15. Chris

    Wondering, has anyone heard any news about the Campagnolo compatible arms?

  16. Ian Farrell

    Just an update for anyone looking in to this.

    I’m now around 8 months with a stages power meter.
    Works fine for indoor rides on trainer.
    Experiences drop outs on out-door rides both on screen and in data gathering.
    Can be bypassed by setting recording to be smart and turning off the zeros results in Ap only counting the watts above zero.
    As a result on a flat course with no free wheeling my np will be 35w lower than ap so quite a lot of drop outs. Rolling course with freewheeling and hills would result in bigger discrepancy.

    Tried 3 different computers 500, 520 and 910.
    Problem is stages doesn’t send strong enough signal to bypass bta bottle mount or cope with bumps etc it seems.

    I had a quarq on previous bike with zero issues.
    Also not sure on accuracy of stages.

    So results in a quarq now ordered as want reliability and the riKen is now competitively priced.

    Stages will switch to road bike and may record better then as no bta bottle issues possibly. Will see.

    End result I would not recommend stages for triathlon bikes.
    Signal drop outs just too often and annoying on outdoor rides and races.
    Quarq and power tap pedals are now as cheap so go that route.

    • Sir Roger

      Hey Ray any update on Stages for Campagnolo. I read about it here a while ago but they never seem to have arrived..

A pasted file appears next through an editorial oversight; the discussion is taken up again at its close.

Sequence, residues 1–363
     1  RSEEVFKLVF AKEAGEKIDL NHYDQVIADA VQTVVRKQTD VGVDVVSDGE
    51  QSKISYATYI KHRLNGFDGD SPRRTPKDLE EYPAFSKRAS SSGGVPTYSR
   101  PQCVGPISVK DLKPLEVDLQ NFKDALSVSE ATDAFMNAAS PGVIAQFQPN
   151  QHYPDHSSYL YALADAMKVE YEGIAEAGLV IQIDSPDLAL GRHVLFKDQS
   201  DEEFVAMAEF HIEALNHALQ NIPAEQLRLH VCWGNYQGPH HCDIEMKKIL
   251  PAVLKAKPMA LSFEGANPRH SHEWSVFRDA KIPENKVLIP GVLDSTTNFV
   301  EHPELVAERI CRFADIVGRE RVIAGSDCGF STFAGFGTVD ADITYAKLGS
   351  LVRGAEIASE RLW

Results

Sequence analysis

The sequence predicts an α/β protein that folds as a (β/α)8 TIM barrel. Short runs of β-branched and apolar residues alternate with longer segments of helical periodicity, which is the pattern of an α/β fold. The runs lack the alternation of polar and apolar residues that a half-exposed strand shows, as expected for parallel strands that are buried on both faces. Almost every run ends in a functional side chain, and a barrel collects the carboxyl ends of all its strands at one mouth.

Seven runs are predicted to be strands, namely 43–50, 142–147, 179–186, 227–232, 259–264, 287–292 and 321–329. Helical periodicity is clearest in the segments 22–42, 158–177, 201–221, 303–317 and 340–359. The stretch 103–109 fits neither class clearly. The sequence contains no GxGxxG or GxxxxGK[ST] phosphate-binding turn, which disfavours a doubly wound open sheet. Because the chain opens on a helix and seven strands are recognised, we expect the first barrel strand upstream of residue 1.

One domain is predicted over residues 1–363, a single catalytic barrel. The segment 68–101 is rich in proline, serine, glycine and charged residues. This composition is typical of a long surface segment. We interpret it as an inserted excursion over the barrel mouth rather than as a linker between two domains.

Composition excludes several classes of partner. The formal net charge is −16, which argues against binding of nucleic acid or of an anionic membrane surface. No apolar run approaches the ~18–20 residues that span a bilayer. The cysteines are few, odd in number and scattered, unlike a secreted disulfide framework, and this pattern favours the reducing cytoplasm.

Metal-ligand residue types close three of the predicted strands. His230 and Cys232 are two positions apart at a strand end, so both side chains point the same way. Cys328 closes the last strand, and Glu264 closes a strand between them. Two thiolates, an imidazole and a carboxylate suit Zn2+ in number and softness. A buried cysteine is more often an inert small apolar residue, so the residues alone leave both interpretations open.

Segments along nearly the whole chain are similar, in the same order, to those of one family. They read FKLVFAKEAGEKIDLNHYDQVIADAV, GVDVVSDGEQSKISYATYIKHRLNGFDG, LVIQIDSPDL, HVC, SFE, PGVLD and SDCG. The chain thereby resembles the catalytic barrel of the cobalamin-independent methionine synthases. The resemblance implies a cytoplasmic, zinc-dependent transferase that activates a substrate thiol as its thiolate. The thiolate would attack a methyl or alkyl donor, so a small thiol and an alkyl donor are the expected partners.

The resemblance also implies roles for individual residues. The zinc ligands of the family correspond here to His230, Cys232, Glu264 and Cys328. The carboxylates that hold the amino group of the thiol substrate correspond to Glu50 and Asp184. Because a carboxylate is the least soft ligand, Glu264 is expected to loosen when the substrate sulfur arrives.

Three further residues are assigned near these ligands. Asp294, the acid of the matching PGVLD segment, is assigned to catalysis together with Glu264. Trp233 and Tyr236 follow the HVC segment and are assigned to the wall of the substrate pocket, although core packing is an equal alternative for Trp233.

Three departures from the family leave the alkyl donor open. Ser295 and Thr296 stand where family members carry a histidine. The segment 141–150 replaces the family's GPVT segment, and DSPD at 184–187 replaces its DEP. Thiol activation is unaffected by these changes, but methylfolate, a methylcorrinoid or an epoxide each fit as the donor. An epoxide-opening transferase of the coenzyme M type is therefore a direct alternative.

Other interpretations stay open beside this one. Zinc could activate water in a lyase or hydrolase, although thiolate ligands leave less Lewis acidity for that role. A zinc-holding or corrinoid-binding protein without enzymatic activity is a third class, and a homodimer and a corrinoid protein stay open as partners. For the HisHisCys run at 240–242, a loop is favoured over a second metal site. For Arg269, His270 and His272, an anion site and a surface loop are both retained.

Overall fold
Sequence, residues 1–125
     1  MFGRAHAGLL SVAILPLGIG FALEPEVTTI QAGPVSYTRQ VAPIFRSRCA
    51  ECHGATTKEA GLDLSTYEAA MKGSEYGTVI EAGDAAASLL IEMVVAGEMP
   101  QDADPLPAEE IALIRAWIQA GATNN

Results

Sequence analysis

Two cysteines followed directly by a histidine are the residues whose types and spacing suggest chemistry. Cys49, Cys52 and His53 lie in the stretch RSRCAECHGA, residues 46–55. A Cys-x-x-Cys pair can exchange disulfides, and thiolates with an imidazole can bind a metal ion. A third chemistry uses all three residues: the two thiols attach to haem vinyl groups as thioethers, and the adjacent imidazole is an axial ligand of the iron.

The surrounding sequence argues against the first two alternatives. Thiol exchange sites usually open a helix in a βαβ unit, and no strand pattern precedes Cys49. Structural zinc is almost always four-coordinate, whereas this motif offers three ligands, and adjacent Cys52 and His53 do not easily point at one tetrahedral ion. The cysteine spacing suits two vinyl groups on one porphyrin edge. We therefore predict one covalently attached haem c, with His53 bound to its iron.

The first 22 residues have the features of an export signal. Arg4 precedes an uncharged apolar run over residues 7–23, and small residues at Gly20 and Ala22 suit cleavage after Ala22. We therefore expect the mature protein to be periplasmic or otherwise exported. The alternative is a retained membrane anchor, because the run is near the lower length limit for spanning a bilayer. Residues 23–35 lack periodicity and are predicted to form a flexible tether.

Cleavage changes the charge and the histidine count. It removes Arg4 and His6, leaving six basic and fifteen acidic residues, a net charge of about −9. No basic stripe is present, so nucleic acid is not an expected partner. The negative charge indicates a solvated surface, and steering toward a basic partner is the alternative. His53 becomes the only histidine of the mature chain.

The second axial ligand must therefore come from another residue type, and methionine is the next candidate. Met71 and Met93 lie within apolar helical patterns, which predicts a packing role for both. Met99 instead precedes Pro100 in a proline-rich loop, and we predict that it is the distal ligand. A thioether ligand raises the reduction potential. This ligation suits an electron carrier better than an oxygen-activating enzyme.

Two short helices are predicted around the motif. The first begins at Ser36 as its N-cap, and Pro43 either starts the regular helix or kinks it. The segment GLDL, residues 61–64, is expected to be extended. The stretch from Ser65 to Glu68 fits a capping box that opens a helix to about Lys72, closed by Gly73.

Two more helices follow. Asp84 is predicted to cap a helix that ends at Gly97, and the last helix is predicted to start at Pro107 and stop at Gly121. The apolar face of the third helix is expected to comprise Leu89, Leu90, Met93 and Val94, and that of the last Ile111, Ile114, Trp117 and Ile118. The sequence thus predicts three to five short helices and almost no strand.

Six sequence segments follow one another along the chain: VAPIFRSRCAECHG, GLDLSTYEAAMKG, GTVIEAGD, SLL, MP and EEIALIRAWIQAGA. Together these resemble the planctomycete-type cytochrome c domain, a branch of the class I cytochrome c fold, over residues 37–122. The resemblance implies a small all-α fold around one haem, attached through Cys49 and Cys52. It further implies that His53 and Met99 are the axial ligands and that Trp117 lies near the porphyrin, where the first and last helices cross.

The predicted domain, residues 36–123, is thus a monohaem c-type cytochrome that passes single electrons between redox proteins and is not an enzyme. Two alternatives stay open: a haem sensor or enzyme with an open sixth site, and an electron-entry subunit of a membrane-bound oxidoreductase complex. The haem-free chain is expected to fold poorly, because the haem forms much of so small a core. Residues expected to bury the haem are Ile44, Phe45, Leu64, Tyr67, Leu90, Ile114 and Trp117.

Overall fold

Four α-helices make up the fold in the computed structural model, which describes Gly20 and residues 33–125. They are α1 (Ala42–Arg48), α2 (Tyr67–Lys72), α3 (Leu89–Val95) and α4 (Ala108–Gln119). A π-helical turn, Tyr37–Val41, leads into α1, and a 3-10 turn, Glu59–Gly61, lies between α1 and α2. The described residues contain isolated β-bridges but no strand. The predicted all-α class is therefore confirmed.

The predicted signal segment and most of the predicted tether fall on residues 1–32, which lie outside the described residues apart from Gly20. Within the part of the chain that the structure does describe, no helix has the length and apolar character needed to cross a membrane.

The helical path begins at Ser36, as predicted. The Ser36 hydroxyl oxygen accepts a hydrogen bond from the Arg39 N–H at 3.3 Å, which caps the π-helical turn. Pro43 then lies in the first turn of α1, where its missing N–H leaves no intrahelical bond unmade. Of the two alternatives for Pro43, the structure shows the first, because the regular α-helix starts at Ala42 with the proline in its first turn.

• If I remember correctly the unit has been tabled indefinitely.

    • Sir Roger

      Thought that might be the case. That leaves us campy folk with shelling out the extra for a Power2Max..

      I would go pedals but I am addicted to speedplay.. I even wrote to BePro and asked if they had plans to bring out a SP version.. no reply…

    • Tim

      What was the reason the Campagnolo version is shelved? The SRAM Carbon PM’s are now available. Is the reason for shelving that they discover that the carbon moulding on Campag cranks is not as consistent as campag told them and campy won’t let Stages Cycling produce the left crank arm themselves?

    • Sir Roger

      I believe it’s because the Campy carbon cranks are hollow.

    • Luís Pisco

      “The Stages Campagnolo power meters will be ready for shipment on March 21st, 2017.”
      “Stages Cycling is very excited to announce the launch of the Stages Power meter for Campagnolo that is now available. Featured with a custom developed strain gage it is now possible to precisely measure your power through the structure of a Campagnolo-designed hollow carbon crank arm.”

      source: link to us3.campaign-archive2.com

    • Sir Roger

      Hey DC are you going to test the Campy Stages or do we assume the same quality with the Shimano ones..

    • Undecided.

      I’m going to soon be testing the Stages Dash, so perhaps it’ll be tied into that. Perhaps not…TBD.